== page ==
Old Players Vie for New Roles in GOP
Steve Forbes and Ralph Reed are positioning themselves to fill party's leadership vacuum.
On the surface, Steve Forbes and Ralph Reed don't seem like political soul mates.
Yes, the wealthy publisher of Forbes magazine and the departing director of the Christian Coalition are both Republicans. Mr. Forbes ran for the GOP nomination for president last year and Mr. Reed, although officially nonpartisan, has grown to be key powerbroker within the Republican Party.
Forbes is associated with economic issues, Reed with social issues. But as the GOP struggles with a vacuum in its leadership, both men are working to fill that void now - and to position themselves for future impact in Republican electoral politics.
"The Republican Party is splintering even further," says Larry Sabato, a political scientist at the University of Virginia. "Though there's plenty of time to bring it together" for the 2000 election.
The question is what the new GOP will look like. Both Forbes and Reed are working to broaden their messages and appeal to wider audiences.
As honorary chairman of a new advocacy organization, Americans for Hope, Growth, and Opportunity, Forbes is speechifying across the country, running radio ads, appearing before Congress, and seeking media attention.
The Forbes organization's stated goal is to "champion a pro-family, pro-growth, pro-freedom vision to lead America into the 21st century." He insists he's not running for president, at least for now, but in every way, he's acting like a man intent on doing just that. In fact, pundits say, he's doing what he has to do to keep his prospects alive for 2000: Since he doesn't hold political office (and never has), he has to find other ways to keep his name and ideas in the spotlight.
"He can easily be eclipsed by those with a national platform," says political analyst Stu Rothenberg. But, he adds, because there is no heir apparent to the Republican nomination, the field is wide open. And Forbes has shown he is able to set the national debate. Last year, he got America talking about his proposed across-the-board 17 percent income tax rate.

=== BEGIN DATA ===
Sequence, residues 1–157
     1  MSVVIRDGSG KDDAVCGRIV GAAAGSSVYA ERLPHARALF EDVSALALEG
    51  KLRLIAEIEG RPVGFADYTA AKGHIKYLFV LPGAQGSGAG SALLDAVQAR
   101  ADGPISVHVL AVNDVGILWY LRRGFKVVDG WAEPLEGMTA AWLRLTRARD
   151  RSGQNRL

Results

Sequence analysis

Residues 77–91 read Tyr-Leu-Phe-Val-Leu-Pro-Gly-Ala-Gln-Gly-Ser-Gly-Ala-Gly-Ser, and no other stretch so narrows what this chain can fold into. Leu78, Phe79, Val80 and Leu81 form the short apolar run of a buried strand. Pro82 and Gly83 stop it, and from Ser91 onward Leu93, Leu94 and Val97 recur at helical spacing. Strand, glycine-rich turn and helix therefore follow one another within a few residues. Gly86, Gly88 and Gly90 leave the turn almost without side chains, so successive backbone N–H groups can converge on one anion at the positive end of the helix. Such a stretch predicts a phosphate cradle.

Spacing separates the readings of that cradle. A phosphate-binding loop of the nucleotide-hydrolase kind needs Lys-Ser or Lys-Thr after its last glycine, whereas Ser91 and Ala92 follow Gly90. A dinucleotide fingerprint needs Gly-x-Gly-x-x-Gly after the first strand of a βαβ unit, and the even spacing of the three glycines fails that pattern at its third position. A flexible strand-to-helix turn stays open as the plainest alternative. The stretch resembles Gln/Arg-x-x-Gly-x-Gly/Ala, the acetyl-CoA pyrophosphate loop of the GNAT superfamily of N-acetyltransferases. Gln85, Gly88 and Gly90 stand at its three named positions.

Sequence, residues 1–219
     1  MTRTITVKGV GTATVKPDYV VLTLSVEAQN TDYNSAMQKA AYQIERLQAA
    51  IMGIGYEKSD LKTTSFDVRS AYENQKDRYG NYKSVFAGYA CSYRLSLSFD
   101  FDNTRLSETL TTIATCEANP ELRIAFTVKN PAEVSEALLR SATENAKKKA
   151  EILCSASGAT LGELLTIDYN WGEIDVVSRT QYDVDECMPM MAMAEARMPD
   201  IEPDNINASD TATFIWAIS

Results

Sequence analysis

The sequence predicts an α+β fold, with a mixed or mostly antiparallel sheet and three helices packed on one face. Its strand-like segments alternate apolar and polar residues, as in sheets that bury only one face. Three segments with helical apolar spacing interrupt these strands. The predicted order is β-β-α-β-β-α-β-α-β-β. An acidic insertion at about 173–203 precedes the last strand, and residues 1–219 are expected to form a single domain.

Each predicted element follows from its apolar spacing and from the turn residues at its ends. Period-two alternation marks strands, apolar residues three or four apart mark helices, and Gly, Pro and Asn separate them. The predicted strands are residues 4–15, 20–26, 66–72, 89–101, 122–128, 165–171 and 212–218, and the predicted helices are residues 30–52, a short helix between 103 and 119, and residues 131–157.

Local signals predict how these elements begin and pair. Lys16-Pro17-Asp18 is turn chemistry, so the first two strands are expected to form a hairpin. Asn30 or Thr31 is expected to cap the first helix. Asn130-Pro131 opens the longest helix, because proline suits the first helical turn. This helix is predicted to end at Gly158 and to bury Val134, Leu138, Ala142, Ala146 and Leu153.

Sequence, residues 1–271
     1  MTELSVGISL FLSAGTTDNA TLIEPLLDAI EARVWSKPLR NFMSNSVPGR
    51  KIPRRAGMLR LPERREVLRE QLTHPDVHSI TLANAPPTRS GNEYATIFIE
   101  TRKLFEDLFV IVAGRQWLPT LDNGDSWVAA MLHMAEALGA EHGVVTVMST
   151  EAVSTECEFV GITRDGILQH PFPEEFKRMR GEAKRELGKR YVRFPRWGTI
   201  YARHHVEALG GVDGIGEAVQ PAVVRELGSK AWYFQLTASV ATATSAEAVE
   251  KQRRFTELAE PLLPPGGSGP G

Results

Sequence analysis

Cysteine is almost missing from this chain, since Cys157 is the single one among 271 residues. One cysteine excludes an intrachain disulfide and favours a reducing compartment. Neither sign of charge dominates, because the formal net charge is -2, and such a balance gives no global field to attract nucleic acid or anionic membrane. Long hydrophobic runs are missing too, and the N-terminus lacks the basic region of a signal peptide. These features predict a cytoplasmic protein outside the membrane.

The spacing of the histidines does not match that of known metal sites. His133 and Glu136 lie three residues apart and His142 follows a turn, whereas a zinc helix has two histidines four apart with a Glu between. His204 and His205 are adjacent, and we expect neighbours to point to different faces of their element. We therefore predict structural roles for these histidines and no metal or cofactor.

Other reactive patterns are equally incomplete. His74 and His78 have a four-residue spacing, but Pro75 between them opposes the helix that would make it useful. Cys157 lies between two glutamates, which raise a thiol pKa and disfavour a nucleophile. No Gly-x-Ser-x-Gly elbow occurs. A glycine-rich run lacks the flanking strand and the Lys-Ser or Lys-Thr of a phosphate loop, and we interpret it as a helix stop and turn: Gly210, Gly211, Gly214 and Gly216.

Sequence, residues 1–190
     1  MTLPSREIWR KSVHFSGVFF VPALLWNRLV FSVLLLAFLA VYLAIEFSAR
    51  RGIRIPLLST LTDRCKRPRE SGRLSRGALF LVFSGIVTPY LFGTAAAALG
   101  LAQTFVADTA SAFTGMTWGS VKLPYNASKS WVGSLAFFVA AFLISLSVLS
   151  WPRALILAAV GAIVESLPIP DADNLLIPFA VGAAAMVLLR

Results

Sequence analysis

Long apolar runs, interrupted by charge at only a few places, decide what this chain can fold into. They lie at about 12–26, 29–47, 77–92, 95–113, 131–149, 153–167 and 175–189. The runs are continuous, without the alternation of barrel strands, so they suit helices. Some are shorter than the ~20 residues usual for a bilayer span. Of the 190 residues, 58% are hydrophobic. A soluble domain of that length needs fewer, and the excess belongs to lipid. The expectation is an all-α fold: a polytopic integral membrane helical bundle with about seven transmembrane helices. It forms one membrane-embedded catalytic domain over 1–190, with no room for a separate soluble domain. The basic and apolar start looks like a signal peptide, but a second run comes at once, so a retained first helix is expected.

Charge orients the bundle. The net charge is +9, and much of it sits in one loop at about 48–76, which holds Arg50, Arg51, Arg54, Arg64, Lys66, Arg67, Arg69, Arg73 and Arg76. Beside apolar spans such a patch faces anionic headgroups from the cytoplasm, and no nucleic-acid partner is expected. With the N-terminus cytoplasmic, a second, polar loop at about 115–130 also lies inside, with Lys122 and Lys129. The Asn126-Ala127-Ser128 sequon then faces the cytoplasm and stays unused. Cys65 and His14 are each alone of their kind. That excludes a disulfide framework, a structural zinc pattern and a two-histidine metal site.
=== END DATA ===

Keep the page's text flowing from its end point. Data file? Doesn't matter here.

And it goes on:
THIS time around, he is trying assiduously to get over his image as Mr. Flat Tax. On April 15, tax day, Forbes was testifying before the Senate against the Chemical Weapons Convention. And the 10-point strategy for his new organization begins not with the the flat tax (that comes second) but "putting families first." It contains language Ralph Reed would applaud, decrying "a tragic disregard for the sanctity of human life - from conception to old age."
In the 1996 campaign, religious conservatives held Forbes at arm's length, and some actively sought to squelch his campaign, because he did not give abortion and other social issues high-enough priority. This time, Forbes is acting on one of the new verities of the Republican Party: To win the GOP nomination for president, a candidate must have the acceptance of the conservative wing of the party.
"The word 'acceptance' is key," says Bill Schneider, a political analyst at the American Enterprise Institute. "He doesn't have to be the candidate of the conservatives, but they have to accept him. Whether Forbes can succeed is unclear."
In recent months, Forbes has met with religious conservative leaders in an effort to enhance his relations with them.
One of his interlocutors has been Ralph Reed, the man most responsible for harnessing America's religious conservatives - little organized and not respected by the mainstream culture eight years ago - and making them into a premier force in politics today. His recent decision to leave the Christian Coalition in September to form a political consulting firm leaves a void at the top of the coalition that will be tough to fill.
"Reed has been able to walk a very fine line that's dangerous and difficult, between being an advocate for a constituency group and being a player in the Republican leadership debate," says Mr. Rothenberg.
Sometimes he went over the line with each end of the equation, angering his grass roots at times with his political pragmatism and, at different turns, infuriating moderate Republicans by, as they saw it, highlighting divisive issues and damaging the party's image.
In the current Congress, Reed and the Christian Coalition have won early action on their agenda. While the party debates how to handle budget and tax issues, social conservatives scored victories with votes on partial-birth abortion, a resolution on the Ten Commandments, and assisted suicide.
In his life after the Christian Coalition, there is no doubt Reed will remain a force in Republican politics, and perhaps become an even greater one, analysts say. There is also little doubt that he can earn many times his current salary, taking on clients who want to tap into his connections to the powerful religious right.
The question, for both Forbes and Reed, is whether they can each transcend their labels and succeed in their efforts to remake the GOP.